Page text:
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The Kemeny–Young method is a voting system that uses preferential ballots, pairwise comparison counts, and sequence scores to identify the most popular choice, and also identify the secondmost popular choice, the thirdmost popular choice, and so on down to the leastpopular choice.
This is a Condorcet method because if there is a Condorcet winner, it will always be ranked as the most popular choice.
The Kemeny–Young method is also known as VoteFair popularity ranking, the linear ordering problem, the maximum likelihood method, and the median relation.
Contents 
The Kemeny–Young method uses preferential ballots on which a voter ranks the choices according to their order of preference. A voter is allowed to rank more than one choice at the same preference level. Unranked choices are usually interpreted as leastpreferred.
Kemeny–Young calculations are usually done in two steps. The first step is to create a matrix or table that counts pairwise voter preferences. The second step is to test all possible orderofpreference sequences, calculate a sequence score for each sequence, and compare the scores. Each sequence score equals the sum of the pairwise counts that apply to the sequence. The sequence with the highest score is identified as the overall ranking, from most popular to least popular.
A tally table, which arranges all the pairwise counts in three columns, is useful for counting (tallying) ballot preferences and calculating Kemeny scores. The center column tracks voters who indicate more than one choice at the same preference level.
All possible pairs of choice names 
Number of votes with indicated preference  
Prefer X over Y  Equal preference  Prefer Y over X  
X = Selden Y = Meredith 
0  +1 vote  0 
X = Selden Y = Elliot 
0  0  +1 vote 
X = Selden Y = Roland 
0  0  +1 vote 
X = Meredith Y = Elliot 
0  0  +1 vote 
X = Meredith Y = Roland 
0  0  +1 vote 
X = Elliot Y = Roland 
+1 vote  0  0 
The above tally table summarizes the following preferences in which
a voter has ranked two choices at the same preference level.
Preference order 
Choice 
First  Elliot 
Second  Roland 
Third  Meredith or Selden (equal preference)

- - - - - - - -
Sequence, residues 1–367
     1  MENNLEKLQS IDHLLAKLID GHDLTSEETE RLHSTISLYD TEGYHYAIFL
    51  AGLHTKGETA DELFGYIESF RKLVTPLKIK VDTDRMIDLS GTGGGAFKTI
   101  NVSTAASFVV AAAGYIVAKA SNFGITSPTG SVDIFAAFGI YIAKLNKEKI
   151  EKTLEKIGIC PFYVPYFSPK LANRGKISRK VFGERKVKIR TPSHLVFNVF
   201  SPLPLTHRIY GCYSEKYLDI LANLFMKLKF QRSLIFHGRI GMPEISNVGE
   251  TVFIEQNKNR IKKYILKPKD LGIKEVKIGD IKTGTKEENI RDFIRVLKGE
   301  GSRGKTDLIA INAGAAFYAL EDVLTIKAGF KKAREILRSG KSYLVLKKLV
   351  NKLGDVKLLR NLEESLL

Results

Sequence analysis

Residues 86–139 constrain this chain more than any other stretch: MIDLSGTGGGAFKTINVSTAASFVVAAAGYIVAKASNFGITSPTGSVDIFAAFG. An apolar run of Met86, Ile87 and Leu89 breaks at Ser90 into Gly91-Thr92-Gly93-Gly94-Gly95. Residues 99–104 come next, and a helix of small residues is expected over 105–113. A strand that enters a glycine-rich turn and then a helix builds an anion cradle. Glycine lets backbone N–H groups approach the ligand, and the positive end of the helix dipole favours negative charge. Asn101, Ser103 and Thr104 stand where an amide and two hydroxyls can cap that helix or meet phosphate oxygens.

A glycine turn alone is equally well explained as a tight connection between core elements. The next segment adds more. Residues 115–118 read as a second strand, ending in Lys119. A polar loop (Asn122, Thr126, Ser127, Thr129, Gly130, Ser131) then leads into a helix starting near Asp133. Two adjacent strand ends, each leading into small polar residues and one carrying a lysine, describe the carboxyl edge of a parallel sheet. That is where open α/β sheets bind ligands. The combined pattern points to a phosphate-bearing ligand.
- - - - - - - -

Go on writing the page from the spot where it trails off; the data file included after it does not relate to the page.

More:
After all ballots have been counted, the same tally table is used
to summarize all the preferences of all the voters. Here is an
example for a case that has 100 voters. (It includes 10 ballots
marked as above.)
All possible pairs of choice names 
Number of votes with indicated preference  
Prefer X over Y  Equal preference  Prefer Y over X  
X = Selden Y = Meredith 
50  10  40 
X = Selden Y = Elliot 
40  0  60 
X = Selden Y = Roland 
40  0  60 
X = Meredith Y = Elliot 
40  0  60 
X = Meredith Y = Roland 
30  0  70 
X = Elliot Y = Roland 
30  0  70 
The sum of the counts in each row must equal the total number of
votes.
Calculating a Kemeny score for a specified sequence is done by adding one count from each row of this tally table. The counts in the center column do not contribute to the score, so they are ignored in the score calculations. The choice between using the count in the left (Prefer X over Y) or right (Prefer Y over X) column depends on which choice name appears first in the specified sequence.
After the sequence with the highest Kemeny score has been identified, the pairwise comparison counts can be arranged in a summary matrix, as shown below, in which the choices appear in the winning sequence from most popular (top and left) to least popular (bottom and right). This matrix layout does not include the equalpreference pairwise counts that appear in the tally table.
... over Roland  ... over Elliot  ... over Selden  ... over Meredith  
Prefer Roland ...    70  60  70 
Prefer Elliot ...  30    60  60 
Prefer Selden ...  40  40    50 
Prefer Meredith ...  30  40  40   
In this summary matrix, the winning Kemeny score equals the sum of
the counts in the upperright, triangular half of the matrix (shown
here in bold, with a green background). No other possible sequence
can have a summary matrix that yields a higher sum of numbers in
the upperright, triangular half. (If it did, that would be the
winning sequence.)
In this summary matrix, the sum of the numbers in the lowerleft, triangular half of the matrix (shown here with a red background) are a minimum. The academic papers by John Kemeny and Peyton Young^{[1]}^{[2]} refer to finding this minimum sum, which is based on how many voters oppose each pairwise order.
The numbers in the above example refer to a case[1] in which different voting methods identify different firstplace winners.
Method  Firstplace winner 
Kemeny–Young  Roland 
Condorcet  Roland 
Instant runoff voting  Elliot or Selden (depending on how the secondround tie is handled) 
Plurality  Selden 
Imagine that Tennessee is having an election on the location of its capital. The population of Tennessee is concentrated around its four major cities, which are spread throughout the state. For this example, suppose that the entire electorate lives in these four cities, and that everyone wants to live as near the capital as possible.
The candidates for the capital are:
The preferences of the voters would be divided like this:
42% of
voters (close to Memphis) 
26% of